I took my two pet policemen for lunch at Simpsons in the Strand, and we toasted my father. I was still somewhat bemused by the whole thing, and it had yet to sink in that I was now worth over two hundred million pounds.
Steve was very quiet, and I could tell something was brewing.
“What's the matter, love?” I asked.
“I suppose being a copper's wife is off the cards now,” he said.
“Not at all. Unless you don't want me.”
“You know I want you. But you could have anything you want now.”
“Good, because all I want is you,” I said, and Ron made vomit noises.
I kissed Steve, and he started to smile again.
Ron went his separate way after lunch, and Steve drove me home. We were both quite quiet on the journey, as there was a lot to think about. He dropped me off at Mary and Mike's, and held me in his arms for a moment. I just liked feeling him hold me. It was so reassuring. He smiled and gave me a kiss.
“It takes some getting used to,” he observed.
“I suppose. But it doesn't change anything. Life goes on, and I still want to marry you.”
He just held me for a while, and I could see he was trying to see what the wealth really meant.
“Hey, we won't need a mortgage, and we can have really nice holidays,” I said, and he grinned.
“I could jack in the job, and concentrate on my music,” he said.
“No, you don't want to do that. I will still pursue my career, and so I expect you to do the same. I fully intend to off-load my wealth so it is more manageable.”
“How do you mean?”
“Steve, I don't need all that wealth. Think what good it could do, if only given half a chance?”
“You'd give it away?” he asked incredulously.
“Why not? We won't need it.”
“I'd set up a charitable trust, and find worthy causes and support them.”
“Very noble, but how do you select who to give stuff to, and who not to?”
“You have trustees who get together and manage the charity, it would be fun.”
“You are unique. You inherit more money than most people could even dream about, and then, the same day, you plan how to give it all away.”
“No, I never said all. I only said most,” I said.
He laughed, and kissed me again.
“So, Miss moneybags, how much would you keep?”
“Enough,” I said, and he smiled.
Over the next few weeks, I was busy sorting through material for a possible new album. I had done very little over the last three years, and I wanted to get back into the swing of things.
The solicitor, Rupert was being busy with my identities. It was proving to be a problem, as I was legally two people, so he was looking at how he could manage to eliminate one, without drawing attention to me, and harming my career, or by getting Mike into trouble. Ron popped in for a visit, and we went through the whole saga with my mother, including her attempt to have me bumped off.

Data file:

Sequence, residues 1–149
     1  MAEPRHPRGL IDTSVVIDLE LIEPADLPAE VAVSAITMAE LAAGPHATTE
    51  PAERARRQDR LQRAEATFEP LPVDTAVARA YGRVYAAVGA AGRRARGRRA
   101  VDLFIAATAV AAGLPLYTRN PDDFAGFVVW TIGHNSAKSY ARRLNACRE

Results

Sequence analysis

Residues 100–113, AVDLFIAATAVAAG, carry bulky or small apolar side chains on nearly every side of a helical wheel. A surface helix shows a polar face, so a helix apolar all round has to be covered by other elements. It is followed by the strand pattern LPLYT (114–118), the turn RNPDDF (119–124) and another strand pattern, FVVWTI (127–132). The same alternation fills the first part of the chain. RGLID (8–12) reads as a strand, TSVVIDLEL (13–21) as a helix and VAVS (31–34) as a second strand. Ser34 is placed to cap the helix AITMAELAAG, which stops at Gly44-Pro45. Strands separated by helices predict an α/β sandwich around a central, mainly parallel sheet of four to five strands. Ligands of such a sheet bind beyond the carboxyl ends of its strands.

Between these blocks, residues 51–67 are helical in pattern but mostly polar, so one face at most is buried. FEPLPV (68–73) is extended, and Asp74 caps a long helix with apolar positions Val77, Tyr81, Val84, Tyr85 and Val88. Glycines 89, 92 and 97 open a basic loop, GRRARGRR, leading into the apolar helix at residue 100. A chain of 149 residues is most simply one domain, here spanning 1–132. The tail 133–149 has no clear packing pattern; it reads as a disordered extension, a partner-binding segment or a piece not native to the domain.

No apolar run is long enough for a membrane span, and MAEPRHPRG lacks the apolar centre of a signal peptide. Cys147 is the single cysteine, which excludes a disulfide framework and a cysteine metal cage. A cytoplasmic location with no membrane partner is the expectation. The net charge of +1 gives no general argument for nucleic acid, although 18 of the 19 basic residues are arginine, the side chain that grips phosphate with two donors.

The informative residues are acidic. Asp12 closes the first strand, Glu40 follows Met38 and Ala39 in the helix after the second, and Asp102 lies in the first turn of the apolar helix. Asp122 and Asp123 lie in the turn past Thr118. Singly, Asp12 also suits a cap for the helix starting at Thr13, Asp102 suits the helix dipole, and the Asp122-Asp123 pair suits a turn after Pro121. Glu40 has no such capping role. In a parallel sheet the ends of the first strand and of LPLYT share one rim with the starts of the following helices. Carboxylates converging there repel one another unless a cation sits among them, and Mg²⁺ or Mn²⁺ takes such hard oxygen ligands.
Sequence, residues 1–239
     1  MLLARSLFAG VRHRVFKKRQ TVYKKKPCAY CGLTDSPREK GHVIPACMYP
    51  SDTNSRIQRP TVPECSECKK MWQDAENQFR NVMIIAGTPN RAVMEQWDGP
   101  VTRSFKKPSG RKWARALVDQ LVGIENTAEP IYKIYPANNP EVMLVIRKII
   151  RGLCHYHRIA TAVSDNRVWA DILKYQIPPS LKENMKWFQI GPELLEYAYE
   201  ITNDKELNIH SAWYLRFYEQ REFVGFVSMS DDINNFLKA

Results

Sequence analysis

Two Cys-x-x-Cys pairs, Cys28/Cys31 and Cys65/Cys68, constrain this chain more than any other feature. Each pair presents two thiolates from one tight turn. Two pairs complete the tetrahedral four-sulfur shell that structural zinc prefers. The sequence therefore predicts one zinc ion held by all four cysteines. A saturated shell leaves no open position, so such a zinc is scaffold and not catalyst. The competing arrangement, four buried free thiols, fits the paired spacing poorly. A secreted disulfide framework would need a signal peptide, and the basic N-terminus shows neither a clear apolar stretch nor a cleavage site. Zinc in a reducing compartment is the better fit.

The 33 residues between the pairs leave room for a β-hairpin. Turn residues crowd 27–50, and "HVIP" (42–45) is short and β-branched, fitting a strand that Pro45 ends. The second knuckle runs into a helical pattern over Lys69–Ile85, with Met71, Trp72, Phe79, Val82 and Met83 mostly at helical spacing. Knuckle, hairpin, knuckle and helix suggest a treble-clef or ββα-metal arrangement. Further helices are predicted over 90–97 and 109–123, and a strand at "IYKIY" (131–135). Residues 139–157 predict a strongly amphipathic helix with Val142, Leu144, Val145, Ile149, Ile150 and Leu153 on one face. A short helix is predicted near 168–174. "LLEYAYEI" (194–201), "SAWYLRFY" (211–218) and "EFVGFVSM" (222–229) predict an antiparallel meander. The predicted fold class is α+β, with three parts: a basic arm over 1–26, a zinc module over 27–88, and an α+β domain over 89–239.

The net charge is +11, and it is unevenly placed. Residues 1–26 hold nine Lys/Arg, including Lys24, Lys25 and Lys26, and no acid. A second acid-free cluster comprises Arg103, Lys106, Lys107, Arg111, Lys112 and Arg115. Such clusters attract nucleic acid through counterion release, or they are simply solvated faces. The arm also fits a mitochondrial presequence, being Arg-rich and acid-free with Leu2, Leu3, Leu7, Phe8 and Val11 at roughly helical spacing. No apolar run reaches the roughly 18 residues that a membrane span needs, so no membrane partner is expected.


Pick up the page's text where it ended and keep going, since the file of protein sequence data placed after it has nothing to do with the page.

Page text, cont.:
Ron got me to sign some forms, and Mike actually told him how he had managed it. Oh for a Christian conscience.
Four weeks later, I was recording the new album, and I got a phone call from Rupert.
“Emma, my dear, I have some news. The police have charged your mother and the young man she used to pretend to be you.”
“What happens now?”
“They are on bail, and will be before the Magistrates in two or three days.”
“My God, what will happen to them?”
“Well, as neither has previous convictions and if they elect to be tried in the magistrates court, who knows. Nevertheless, the court can send them to the Crown court for sentencing. They could get five years in prison.”
“She'll skip the country,” I said.
“They have thought of that. She had to surrender her passport, and there is a security of fifteen thousand pounds. If she buggers off, she loses the lot. But the best bit is the CPS are considering a charge of conspiracy to murder.”
“Will it stick?”
“Probably not, there is very little evidence. Incidentally, her lover, Raoul has recently been sentenced to three years in a French Prison for tax and accounting irregularities. He was only released from the British Prison a year ago after the firearms charges.”
I laughed, and asked him about Mother's court case.
He told me which court, and the date and time of the hearing. I had not seen her since that day outside Aylesbury Police station.
“Another thing, Russell Drysdale does not exist.”
“How did you manage it?”
“With a great deal of paper sifting. But eventually, using the medical evidence, I have changed Russell Drysdale to Emma Drysdale, quite legally, as he was wrongly identified at birth as a boy. I have checked records, and no one has twigged that Emma Pearson has never existed, all the certificates had been logged as genuine, and you are Emma Pearson.
“However, you are also, Emma Drysdale, and you are the only person I know who has two completely separate apparently legal identities. So, with the cooperation of the police, your friend Ron Higgins was brilliant, we have managed to sort things so that the certificates have been withdrawn, as being utilised as an official cover in order to protect you from assassination. It took a Home Office memo and a note from a very senior police officer to straighten things out. There were questions as to how you managed it, and the police stated that as the danger of you being killed was so great and the amount of capital involved was in excess of two hundred million pounds, that the security services were involved, and no questions need be asked.